"Bleeding Kansas" and the American Civil War

At the start of 1855, settlers who held opposing opinions about slavery had settled in the Kansas Territory around the Lawrence area and began vying for political power. On August 27, 1855, the proslavery faction in Douglas County (based primarily out of the territorial capital, Lecompton, as well as smaller satellite settlements like Franklin and Lone Star) got a boost when acting territorial governor Daniel Woodson appointed the zealously proslavery settler Samuel J. Jones to the office of county sheriff. Then, in October 1855, the outspoken abolitionist John Brown arrived in the Kansas Territory; he brought with him a wagon-load of weapons with which he intended to use to fight off "Satan and his legions" (i.e., proslavery settlers).

For much of 1855, the pro- and antislavery factions existed uneasily with one another. Then on November 21, 1855, the proslavery settler Franklin Coleman shot the Free-Stater Charles Dow nine times in the back after an intense verbal altercation. The murder was the culmination of a long-simmering feud between the two, as for some time they had bickered about a land claim near the Hickory Point post office, located about south of Lawrence. According to the Border War Encyclopedia, "Politics had not motivated Coleman to kill Dow, but the murder marked the genesis of the violent political divisions that characterized Kansas for the next 10 years."[15] When Jones investigated the crime, Coleman argued that he had simply been acting in self-defense. The sheriff sided with his proslavery compatriot and chose to instead arrest Dow's free state affiliate Jacob Branson for disturbing the peace. Branson was quickly rescued by Samuel Newitt Wood and a gang of Free-Staters.[15][16]

In a few days, the two factions went from merely threatening violence to actually preparing for a fight. To temper the situation, the governor of the Kansas Territory, Wilson Shannon, called on the Kansas militia to intervene and keep the peace. Shannon had intended for the militia to be composed of Kansans, but Jones mustered a small army of 1,500 proslavery men, most of whom were from Missouri.[16] When the citizens of Lawrence learned of Jones's army, they raised up a defensive militia of 800 men armed with "Beecher's Bibles". Robinson was chosen to direct the city's military operations, the future state senator James Lane was selected as his second-in-command, and a "committee of safety" was also created, which organized squads of about 20 men to keep watch over the city. Lawrence was additionally aided by John Brown and his four sons: John Jr., Oliver, Owen, and Watson. While both sides were ready for a fight, an outright clash between the two militias was prevented at least in part by the harsh Kansas winter. On December 8, Shannon had had enough and ordered representatives from both sides to meet at the proslavery stronghold of Franklin to sign a peace treaty. Terms were agreed to, and eventually, after much persuading, the Missouri army reluctantly left the area. This conflict, despite its rather diminutive size and scale, would later be known as the "Wakarusa War".[16]

In the spring of 1856, the proslavery forces, hoping to diminish the power of the anti-slavery settlers, singled out the Kansas Free State, the Herald of Freedom, and the Free State Hotel (the latter of which was owned and operated by the New England Emigrant Aid Company) as "nuisances" that needed to be stopped.[14] On April 23, 1856 Sheriff Jones entered into Lawrence and attempted to arrest members of the extralegal Free-State legislature (a rogue governing body which had been set up in opposition to the official proslavery territorial government). During the commotion, Jones was non-fatally shot by a sniper named Charles Lenhart, and Lawrence residents promptly drove the sheriff out of town.[17] A few weeks later, on May 11, Federal Marshal Israel B. Donaldson proclaimed the act had interfered with the legal execution of warrants against select antislavery settlers. This proclamation was bolstered by a Kansas grand jury's that "the building known as the 'Free State' Hotel' in Lawrence had been constructed with a view to military occupation and defence, regularly parapetted and port holed, for the use of cannon and small arms, thereby endangering the public safety, and encouraging rebellion and sedition in this country". Donaldson, Jones, and Missouri senator David Rice Atchison consequently raised up another army comprising around 800 southerns. Ostensibly this army's purpose was to enforce the legal arrest warrants, but the group was also motivated by a desire to stamp out the Free-Stater nest that was Lawrence.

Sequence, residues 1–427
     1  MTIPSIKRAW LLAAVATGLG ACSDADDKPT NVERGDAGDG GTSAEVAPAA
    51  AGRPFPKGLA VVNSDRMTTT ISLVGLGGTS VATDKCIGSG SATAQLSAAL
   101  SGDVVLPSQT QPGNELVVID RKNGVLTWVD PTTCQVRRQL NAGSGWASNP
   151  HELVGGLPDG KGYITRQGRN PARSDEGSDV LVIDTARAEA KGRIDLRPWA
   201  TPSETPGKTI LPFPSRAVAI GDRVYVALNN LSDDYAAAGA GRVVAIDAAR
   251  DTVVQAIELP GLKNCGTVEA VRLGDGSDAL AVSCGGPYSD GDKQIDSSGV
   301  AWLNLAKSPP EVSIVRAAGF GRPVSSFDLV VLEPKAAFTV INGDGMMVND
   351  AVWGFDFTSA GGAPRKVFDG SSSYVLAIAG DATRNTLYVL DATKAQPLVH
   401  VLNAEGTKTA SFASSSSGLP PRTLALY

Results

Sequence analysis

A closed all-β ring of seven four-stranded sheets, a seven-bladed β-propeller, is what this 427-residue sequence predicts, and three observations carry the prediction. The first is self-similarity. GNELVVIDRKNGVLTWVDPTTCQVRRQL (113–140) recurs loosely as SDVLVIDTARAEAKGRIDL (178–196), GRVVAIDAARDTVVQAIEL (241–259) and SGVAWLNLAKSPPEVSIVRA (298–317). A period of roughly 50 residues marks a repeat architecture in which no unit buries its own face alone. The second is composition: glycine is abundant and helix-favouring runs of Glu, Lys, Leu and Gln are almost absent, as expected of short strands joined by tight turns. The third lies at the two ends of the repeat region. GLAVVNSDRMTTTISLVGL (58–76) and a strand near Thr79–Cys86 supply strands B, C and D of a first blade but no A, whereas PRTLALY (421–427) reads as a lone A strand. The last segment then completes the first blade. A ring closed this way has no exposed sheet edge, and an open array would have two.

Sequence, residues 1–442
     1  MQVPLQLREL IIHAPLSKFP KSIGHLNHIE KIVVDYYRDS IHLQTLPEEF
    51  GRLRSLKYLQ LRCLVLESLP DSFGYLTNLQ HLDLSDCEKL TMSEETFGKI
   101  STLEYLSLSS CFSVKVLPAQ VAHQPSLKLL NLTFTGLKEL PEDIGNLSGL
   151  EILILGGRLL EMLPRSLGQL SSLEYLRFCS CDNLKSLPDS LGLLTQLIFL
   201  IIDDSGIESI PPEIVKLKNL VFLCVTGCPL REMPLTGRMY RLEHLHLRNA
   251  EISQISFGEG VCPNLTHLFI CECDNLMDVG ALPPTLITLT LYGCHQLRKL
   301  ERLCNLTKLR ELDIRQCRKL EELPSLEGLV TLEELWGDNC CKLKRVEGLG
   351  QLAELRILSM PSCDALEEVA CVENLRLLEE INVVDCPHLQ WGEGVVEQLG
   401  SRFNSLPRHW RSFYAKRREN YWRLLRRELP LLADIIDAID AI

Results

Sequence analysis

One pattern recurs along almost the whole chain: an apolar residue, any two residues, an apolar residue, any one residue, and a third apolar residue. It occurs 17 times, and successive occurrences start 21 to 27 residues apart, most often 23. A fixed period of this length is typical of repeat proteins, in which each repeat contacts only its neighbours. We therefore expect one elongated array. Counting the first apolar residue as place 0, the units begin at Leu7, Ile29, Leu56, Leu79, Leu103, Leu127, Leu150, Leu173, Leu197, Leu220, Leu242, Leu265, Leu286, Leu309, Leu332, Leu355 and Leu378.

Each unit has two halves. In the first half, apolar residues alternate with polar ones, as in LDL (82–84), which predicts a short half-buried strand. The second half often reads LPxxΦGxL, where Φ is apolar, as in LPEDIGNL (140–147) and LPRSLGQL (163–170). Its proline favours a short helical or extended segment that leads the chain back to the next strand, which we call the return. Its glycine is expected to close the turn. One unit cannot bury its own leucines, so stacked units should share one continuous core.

On May 21, Donaldson and Jones rode into town and successfully arrested those who had previously evaded them. While the citizens of Lawrence hoped that the officers would leave peacefully after making the arrests, this did not come to pass.[18] Donaldson dismissed his men, who were immediately deputized by Jones. The sheriff was then joined by more followers and together they began to sack the city. After seizing the house of Charles Robinson (who had recently been arrested in Missouri) to serve as his headquarters, Jones and his men attacked the offices of the antislavery newspapers. The attackers smashed the presses, tossed the sort into the nearby Kansas River, and threw already-printed copies of the newspapers into the wind. After this was done, the proslavery mob shot the Free State Hotel with a cannon before burning it down. Jones and his men then pillaged $30,000 worth of valuables. When Jones left the city, he and his men lit Robinson's house on fire for good measure.[18] Although the city was thoroughly ransacked, the human cost of the attack was low: only one persona member of Jones's possesdied during the attack when he was struck by a piece of falling masonry. In September 1856, another sack seemed nigh when, according to the Kansas State Board of Agriculture 1878 Biennial Report, "2,700 proslavery men appeared in sight of Lawrence, and the city was temporarily defended by Free-State men, under the command of Maj. J. B. Abbott".[10] However, this threat was neutralized when the recently-installed territorial governor John W. Geary realized what was about to happen and called for federal reinforcements to defend the city.